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Canadian ship remains aground in St. Lawrence River near Prescott, Ontario

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OGDENSBURG - A Canadian ship which ran aground Sunday near Prescott, Ontario, remains on a St. Lawrence River shoal after an attempt to move it failed Monday night.

The cargo ship M.V. Sedna Desgagnés ran aground at about 8:12 a.m. Sunday after it veered off course, said Andrew K. Bogora, Canadian St. Lawrence Seaway Management Corp. spokesman. He said two tugboats unsuccessfully attempted to move the ship from the shoal on which it is resting Monday.

“The next step from what I have been told is the vessel will be lightened,” Mr. Bogora said. “They will bring another vessel up next to it and transfer part of the cargo.”

He said he had not been given a time frame for when that would happen. The ship, based in Quebec, is carrying pig iron, or unprocessed steel, bound for Illinois, he said.

The Transportation Safety Board of Canada is investigating to find out why the ship veered off course.

John L. Cottreau, a TSB spokesman, said Tuesday that the investigation is still in progress, and includes downloading the data voyage recorder and interviewing crew members. He declined further comment.

The TSB official on Sunday described the mishap as a “hard-to-ground” incident.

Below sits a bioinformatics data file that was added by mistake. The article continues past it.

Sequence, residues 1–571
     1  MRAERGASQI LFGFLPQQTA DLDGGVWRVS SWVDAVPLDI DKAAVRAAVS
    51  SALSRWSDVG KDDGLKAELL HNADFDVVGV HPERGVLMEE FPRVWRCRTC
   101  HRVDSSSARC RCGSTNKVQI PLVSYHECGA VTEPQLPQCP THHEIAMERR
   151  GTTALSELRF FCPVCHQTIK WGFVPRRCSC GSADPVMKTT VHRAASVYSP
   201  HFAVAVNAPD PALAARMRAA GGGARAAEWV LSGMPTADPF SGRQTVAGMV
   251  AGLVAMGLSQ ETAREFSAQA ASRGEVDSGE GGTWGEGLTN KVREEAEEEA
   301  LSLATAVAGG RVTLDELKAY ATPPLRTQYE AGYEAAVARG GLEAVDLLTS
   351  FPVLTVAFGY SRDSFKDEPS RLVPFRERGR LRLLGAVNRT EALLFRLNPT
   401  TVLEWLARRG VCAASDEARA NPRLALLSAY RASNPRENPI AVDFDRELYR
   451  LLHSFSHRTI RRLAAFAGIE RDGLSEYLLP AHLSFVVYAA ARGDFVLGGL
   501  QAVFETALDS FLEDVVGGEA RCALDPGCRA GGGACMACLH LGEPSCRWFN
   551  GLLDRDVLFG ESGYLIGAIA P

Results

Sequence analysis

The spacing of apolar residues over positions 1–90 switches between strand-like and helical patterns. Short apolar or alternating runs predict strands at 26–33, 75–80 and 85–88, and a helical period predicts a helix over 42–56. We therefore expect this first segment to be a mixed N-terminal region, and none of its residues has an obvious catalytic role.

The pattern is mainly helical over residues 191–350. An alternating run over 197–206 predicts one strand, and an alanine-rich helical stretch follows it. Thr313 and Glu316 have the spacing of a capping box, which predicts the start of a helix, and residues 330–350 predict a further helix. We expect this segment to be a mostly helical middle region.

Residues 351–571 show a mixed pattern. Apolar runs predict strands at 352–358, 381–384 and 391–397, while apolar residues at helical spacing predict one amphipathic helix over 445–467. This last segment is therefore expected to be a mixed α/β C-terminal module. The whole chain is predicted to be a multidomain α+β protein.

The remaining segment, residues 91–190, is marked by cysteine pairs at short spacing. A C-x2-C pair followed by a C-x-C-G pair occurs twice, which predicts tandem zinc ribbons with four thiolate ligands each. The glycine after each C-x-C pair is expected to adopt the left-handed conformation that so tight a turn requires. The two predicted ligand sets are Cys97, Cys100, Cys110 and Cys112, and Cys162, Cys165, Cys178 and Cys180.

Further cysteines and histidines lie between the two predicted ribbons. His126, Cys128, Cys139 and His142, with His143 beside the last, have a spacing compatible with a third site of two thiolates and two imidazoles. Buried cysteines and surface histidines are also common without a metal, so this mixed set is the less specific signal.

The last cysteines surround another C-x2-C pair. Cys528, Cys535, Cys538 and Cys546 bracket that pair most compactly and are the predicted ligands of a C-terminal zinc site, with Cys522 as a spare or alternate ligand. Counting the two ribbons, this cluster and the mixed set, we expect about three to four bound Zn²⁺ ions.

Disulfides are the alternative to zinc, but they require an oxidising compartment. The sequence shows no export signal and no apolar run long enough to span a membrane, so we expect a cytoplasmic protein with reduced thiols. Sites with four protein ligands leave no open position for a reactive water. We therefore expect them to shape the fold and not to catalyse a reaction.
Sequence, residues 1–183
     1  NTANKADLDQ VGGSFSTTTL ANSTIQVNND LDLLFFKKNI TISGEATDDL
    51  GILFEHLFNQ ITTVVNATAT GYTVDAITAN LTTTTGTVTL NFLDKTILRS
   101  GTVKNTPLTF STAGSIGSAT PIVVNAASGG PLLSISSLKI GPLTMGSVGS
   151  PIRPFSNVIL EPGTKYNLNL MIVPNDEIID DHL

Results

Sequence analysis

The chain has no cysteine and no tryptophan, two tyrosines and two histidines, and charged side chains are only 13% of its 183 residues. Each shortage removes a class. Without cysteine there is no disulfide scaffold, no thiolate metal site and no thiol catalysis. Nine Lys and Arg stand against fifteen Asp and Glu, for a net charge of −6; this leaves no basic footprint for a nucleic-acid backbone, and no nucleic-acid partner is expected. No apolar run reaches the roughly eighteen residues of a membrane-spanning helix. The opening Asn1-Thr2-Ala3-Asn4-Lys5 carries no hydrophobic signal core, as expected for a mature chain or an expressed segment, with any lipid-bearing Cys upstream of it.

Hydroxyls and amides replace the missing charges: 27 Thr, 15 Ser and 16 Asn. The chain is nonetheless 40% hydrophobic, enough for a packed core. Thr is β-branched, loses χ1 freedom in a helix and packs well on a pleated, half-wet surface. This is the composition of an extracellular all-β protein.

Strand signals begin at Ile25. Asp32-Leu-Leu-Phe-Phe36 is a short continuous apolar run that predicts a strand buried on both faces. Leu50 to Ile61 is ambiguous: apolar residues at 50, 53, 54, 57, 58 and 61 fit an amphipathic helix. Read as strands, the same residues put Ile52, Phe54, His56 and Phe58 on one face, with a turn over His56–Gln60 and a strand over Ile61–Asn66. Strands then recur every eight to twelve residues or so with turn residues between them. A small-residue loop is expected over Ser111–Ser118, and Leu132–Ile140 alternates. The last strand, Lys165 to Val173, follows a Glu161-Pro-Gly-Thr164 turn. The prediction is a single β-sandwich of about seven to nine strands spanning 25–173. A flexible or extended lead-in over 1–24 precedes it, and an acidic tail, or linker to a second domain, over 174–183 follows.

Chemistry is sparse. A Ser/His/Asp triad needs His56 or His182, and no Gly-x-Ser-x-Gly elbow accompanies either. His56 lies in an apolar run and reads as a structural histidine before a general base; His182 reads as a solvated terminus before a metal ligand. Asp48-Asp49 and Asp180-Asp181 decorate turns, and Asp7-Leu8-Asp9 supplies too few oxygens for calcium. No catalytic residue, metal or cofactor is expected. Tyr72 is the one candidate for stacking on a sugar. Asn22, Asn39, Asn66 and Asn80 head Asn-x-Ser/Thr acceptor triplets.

Mr. Cottreau referred questions about what might have caused the ship to veer off course to the vessel’s owner, Groupe Desgagnés, Quebec City, Quebec. An official there did not return a call seeking comment Tuesday.

Mr. Bogora said the ship is not interfering with vessel navigation on the Seaway, and that no pollution resulted from the incident. He also said that low water levels do not appear to have been a factor in the Sedna running around.

“The minimal channel depths are still intact,” he said. “Vessels are still enjoying the full draft they are guaranteed.”

The draft is how far a ship goes below the water line.

He also said there is no chance the ship was overloaded.

“A vessel cannot go through a lock overdraft, or overweight. Every time a vessel goes through a lock it is subject to inspection,” he said.

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